Middlesbrough man did not fight back in response to beating

David Leyland was giving evidence at the Teesside Crown Court trial of Dean James Williams, who is accused of the murder of Ian MacNeil.

The, now, 50-year-old defendant is accused of carrying out the prolonged beating of Mr MacNeil at the ground-floor bedsit flat of a mutual friend, near Middlesbrough town centre.

In his interview with police, on December 13, 2021, a few days after Mr MacNeil’s death, Mr Leyland said Williams, known as ‘Deano’, got to the flat about half an hour after Mr MacNeil, who he only knew as ‘Macca’, on a cold Sunday night in late November 2021.

Read more: Middlesbrough drug user died in hospital two weeks after bedsit attack

Mr Leyland said Macca got to the flat earlier and had some drink and ‘gear’ (heroin) on him after a good day begging, as it was the Christmas lights switch on which had brought crowds into the town centre.

He said Macca gave him some of his heroin, but when Williams got to the flat with another acquaintance he was angry and began arguing and shouting.

Mr Leyland told the interviewing police officer: “He felt he (Macca) should have sorted him out as he used to ‘look after him’.”

At some point after that he said Deano struck Macca in the face.

Mr Leyland said after this, Macca told Deano he could have what was left of his cider and some ‘gear’, but his offer was rejected.

The witness told police that Deano then sprayed Macca in the face with what turned out to be only water from a rinsed-out shower gel bottle, and then launched some heavy punches to his face.

He then used an empty litre bottle of wine to strike Macca in the ribs and said he was “going to have to kill him”, picking up a sleeping bag, and urging him to go outside.

Read more: Man denies killing 46-year-old on Middlesbrough street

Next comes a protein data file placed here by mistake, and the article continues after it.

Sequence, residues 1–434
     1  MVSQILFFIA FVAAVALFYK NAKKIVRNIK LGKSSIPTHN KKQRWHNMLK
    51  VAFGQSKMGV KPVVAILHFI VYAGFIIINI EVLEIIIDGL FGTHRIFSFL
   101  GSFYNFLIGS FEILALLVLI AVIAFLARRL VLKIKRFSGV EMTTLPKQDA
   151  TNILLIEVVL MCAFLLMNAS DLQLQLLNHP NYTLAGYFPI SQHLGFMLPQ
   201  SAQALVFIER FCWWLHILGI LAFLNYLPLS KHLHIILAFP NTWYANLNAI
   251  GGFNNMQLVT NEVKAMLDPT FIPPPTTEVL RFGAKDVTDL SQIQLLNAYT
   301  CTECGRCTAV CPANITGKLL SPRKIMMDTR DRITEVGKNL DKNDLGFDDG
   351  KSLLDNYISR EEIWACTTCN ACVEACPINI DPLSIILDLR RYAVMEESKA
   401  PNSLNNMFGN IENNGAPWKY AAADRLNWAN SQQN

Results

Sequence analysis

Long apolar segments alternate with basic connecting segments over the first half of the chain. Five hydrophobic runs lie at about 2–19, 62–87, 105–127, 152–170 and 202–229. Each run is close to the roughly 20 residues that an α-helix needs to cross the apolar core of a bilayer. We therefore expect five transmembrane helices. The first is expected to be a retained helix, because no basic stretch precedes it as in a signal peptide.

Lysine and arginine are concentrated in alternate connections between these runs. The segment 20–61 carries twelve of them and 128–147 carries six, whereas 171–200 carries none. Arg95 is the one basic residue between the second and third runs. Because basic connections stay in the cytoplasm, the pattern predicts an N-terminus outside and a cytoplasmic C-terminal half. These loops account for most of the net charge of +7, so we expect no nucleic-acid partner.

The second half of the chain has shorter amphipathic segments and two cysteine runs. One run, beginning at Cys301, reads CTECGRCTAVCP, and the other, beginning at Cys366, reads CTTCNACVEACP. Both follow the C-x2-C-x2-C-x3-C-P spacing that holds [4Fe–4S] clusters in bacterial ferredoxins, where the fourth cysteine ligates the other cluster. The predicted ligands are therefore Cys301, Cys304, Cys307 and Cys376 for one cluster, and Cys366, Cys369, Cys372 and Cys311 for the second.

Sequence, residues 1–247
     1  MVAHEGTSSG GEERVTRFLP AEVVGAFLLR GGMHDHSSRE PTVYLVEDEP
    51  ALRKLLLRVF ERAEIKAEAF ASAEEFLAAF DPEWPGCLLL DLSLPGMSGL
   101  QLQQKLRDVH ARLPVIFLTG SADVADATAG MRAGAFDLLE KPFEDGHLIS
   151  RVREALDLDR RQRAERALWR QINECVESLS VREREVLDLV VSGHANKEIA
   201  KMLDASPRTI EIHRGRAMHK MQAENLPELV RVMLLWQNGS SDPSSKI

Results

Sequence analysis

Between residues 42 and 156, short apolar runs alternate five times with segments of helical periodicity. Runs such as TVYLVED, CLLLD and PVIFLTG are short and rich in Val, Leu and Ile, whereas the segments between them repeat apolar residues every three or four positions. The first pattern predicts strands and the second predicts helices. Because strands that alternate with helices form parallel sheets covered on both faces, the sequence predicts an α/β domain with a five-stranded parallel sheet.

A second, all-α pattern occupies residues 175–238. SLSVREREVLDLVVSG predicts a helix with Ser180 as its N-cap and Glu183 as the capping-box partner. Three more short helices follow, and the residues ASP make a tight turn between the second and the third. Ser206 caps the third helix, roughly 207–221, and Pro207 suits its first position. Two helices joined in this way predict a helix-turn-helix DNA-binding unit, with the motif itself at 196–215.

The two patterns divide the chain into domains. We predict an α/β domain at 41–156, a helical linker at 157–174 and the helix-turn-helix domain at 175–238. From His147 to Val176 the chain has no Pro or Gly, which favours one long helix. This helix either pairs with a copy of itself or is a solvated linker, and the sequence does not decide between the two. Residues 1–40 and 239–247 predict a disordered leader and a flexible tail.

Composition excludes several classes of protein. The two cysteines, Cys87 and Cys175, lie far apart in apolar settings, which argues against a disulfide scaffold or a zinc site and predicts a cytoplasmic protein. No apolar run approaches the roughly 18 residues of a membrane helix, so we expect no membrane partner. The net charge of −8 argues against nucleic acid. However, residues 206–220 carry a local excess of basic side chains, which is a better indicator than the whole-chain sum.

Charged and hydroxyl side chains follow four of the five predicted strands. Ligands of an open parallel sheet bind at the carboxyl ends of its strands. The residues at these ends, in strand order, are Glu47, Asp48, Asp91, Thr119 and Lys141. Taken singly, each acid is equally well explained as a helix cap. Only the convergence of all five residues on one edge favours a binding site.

Mr Leyland said Deano then picked up a heavy-duty walking stick which he offered to Macca, saying: “Go on, be a man.”

He said Macca did not take up the offer, so Deano then folded over the walking stick and struck Macca a hard blow to the head, which caused a vibration.

He said there was a flow of blood from Macca’s head and Deano told him: “You never see me right”, to which Macca replied: “You never ask me.”

Mr Leyland said Macca then went into the kitchen to clean up the blood but was followed by Deano, who was apparently going to assist him.

But he said Deano came out and, “made a show with the last of his (Macca’s) heroin.”

Mr Leyland said Macca then came out of the kitchen, looking pale, and left the flat, saying: “See you lads”.

Deano told the others present that he used to look after him (Macca), implying he deserved the beating, but Mr Leyland told his police interviewers: “He didn’t (deserve it).”

Mr Leyland said Deano told them that if the police get involved they were to say it was “self-defence”.

But Mr Leyland said: “It didn’t sit well with me, because it wasn’t self-defence. He didn’t fight back at all.”

The court has heard that after staggering from the bedsit, in Southfield Road, Mr MacNeil was found badly injured by a passing police officer.

Read next:

Dean Williams to stand trial accused of murder at Teesside Crown Court

Man denies murder after 46-year-old fatally wounded in Middlesbrough

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He was taken to hospital suffering what emerged was a “devastating brain haemorrhage”, from which he died on December 10.

Mr Williams, of Southfield Road, denies a charge of murder.

The trial, expected to run for another fortnight, continues tomorrow (Thursday, July 27).





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